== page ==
In my folder, I have 2000 files, which are labeled A0001-A2000. In the second line of each file, there is a long (it should be the longest) line of characters. I would like to print all the file names with the length of the second line in one output.

so the output will look something like

A0001 231
A0002 123
A0003 56

If it is helpful I already have a code that will print the longest line of a file, but I am not tied to using awk if there is an easier way.

$ awk '{print length}' A0001.txt |sort -nr|head -1
  • 2
    Please clarify if you want to print the longest line from each file regardless of its line number or line number 2 from each file regardless of its length or something else. Your subject says Find and print the length of the longest line while your text says print all the file names with the length of the second line which elsewhere you say should be the longest so it's not clear what you want output if/when the 2nd line isnt the longest.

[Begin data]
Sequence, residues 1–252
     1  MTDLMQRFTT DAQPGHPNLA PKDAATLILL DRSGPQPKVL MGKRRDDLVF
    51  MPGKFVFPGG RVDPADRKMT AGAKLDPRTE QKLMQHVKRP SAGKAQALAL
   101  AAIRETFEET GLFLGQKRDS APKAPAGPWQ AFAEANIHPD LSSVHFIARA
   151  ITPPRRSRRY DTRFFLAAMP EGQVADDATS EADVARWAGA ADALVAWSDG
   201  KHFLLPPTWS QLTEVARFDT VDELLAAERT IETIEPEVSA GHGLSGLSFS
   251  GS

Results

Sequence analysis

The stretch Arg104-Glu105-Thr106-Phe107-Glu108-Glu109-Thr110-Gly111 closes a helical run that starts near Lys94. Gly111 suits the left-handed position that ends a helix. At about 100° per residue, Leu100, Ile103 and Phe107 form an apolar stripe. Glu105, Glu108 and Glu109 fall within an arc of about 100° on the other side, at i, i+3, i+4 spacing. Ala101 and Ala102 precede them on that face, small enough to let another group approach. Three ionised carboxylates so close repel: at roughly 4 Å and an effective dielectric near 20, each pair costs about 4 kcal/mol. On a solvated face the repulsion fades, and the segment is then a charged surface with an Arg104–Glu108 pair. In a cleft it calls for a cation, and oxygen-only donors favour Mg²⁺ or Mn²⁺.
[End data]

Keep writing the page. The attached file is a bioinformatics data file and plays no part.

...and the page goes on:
– Ed Morton
    Mar 24, 2021 at 16:58
  • So for the work I am doing the longest line and the second line should be equal. I can explain if its necessary but its more biology/bioinformatics
    – Kevin
    Apr 7, 2021 at 15:23

3 Answers 3

awk 'FNR==2{print FILENAME,length; nextfile}' *

The glob expands to all files in the directory, and when Awk reaches the 2nd line it prints the filename and its length and skips to the next file. This nextfile is optional and for performance only.

If there may be non-regular files in the directory, use Find so that Awk does not choke:

find . -type f -maxdepth 1 -exec awk 'FNR==2{print FILENAME,length; nextfile}' {} +

-maxdepth 1 makes find non-recursive (i.e. it does not look into subdirectories). You can also use -prune if -maxdepth is not available.


If the max line might not be line 2, you can do:

  • with GNU awk

    gawk '
        BEGINFILE {max = -1} 
        length > max {max = length} 
        ENDFILE {print FILENAME, max}
    ' *
  • with non-GNU awk

    awk '
        FNR == 1 {
            if (filename != "") print filename, max
            filename = FILENAME
            max = -1
        length > max {max = length}
        END {print filename, max}
    ' *
  • Could also print FNR to tell which line was longest. Or check it against the assumed 2 and scream if it's some other.
    – ilkkachu
    Mar 24, 2021 at 20:27

Normally the GNU wc should do the job.

wc -L A*
  • Assuming files don't choke the command line. In that scenario you can use a for loop or a find command.

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